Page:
When I first watched the TV show The Handmaid’s Tale (based on a book of the same title published in 1985) some of the scenes on the screen were terrifying. When I learnt that author, Margaret Atwood, had based events from her book on real historical facts it became even more worrying.
Watching photographs and reading about the fast-paced changes in Afghanistan this past week is a reminder that women’s rights are not to be taken for granted. Scenes of deciding what can women wear, what books they can read and who they should marry are not only part of a dystopian universe. It is the reality that many young women may be facing under the new authority of the Taliban regime.
In Society and Culture we study Afghanistan as a case study, as a great example where change is not necessarily always progress and in which change can be complex, affecting different groups and individuals in different ways. A common loser of these drastic changes tends to be women.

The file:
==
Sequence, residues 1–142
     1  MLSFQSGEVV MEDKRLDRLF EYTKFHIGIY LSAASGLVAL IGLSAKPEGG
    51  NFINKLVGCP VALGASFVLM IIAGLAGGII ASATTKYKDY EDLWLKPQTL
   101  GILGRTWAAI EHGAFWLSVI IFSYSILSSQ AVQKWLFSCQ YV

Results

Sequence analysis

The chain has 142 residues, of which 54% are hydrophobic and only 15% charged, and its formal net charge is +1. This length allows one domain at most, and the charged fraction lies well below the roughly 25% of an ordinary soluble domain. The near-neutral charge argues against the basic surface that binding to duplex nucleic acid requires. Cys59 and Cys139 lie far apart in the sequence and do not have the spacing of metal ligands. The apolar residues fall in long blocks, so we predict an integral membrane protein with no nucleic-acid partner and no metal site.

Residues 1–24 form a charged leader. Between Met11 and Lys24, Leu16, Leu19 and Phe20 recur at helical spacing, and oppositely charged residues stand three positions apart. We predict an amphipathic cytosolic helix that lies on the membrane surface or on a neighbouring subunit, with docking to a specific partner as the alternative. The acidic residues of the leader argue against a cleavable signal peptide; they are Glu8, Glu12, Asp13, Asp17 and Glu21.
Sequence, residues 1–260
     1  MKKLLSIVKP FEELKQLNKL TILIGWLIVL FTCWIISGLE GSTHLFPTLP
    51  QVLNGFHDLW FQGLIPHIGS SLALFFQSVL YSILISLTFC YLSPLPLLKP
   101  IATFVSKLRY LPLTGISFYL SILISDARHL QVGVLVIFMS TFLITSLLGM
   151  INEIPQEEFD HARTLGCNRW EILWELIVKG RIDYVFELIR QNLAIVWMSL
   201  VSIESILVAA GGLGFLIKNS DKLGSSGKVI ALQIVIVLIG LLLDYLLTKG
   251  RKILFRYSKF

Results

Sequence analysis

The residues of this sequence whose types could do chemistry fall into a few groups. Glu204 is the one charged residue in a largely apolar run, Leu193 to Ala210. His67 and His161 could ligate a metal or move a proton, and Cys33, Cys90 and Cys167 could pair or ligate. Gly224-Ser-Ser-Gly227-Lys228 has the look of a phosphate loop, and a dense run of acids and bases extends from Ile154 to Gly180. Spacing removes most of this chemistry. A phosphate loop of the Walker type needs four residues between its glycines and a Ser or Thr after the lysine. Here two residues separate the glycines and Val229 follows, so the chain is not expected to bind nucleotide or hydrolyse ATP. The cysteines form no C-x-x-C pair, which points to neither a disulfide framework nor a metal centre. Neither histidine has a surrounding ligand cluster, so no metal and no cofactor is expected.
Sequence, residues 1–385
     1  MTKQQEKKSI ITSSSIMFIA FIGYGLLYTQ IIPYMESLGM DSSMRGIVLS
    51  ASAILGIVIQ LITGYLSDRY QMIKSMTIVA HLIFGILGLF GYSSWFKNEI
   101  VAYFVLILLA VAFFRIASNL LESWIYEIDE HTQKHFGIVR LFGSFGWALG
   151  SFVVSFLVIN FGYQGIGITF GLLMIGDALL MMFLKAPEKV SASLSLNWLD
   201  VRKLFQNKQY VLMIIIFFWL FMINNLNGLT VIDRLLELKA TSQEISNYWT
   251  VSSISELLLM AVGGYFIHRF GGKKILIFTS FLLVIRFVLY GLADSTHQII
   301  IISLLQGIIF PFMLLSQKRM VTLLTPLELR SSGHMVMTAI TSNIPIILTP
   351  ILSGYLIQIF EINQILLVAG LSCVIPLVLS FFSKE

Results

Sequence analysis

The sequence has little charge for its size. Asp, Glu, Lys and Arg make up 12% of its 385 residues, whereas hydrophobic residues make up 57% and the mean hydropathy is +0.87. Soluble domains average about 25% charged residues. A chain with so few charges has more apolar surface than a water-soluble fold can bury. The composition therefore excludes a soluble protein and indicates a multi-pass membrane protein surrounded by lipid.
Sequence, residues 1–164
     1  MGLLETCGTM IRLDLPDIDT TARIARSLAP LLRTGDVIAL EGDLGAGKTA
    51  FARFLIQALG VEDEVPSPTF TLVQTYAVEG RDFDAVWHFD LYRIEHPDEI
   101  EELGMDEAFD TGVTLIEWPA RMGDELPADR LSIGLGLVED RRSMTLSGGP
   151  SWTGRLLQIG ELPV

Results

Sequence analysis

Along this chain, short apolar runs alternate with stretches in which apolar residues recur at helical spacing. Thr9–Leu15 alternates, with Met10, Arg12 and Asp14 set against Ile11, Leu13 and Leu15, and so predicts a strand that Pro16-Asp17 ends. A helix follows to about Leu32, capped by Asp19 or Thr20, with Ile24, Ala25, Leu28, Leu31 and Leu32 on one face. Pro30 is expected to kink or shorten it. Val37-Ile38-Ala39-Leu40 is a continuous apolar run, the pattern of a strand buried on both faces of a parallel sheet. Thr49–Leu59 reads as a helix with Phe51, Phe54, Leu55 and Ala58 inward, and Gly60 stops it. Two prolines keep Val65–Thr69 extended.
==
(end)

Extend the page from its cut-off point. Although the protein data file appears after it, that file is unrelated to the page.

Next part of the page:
My hopes for the people of Afghanistan and the world are to remember that in the last 20 years Afghanistan built a nation that had regular democratic elections and an increasing number of women who attended university and were learning how to code and drive. All of these changes happened despite the geographic and political challenges Afghanistan faces as well as groups in society resisting women’s empowerment.
I hope these future possibilities can return for the women and people of Afghanistan. In the meantime, we can show support through this petition from Amnesty International to the Australian government to provide safe passage for people fleeing the Taliban.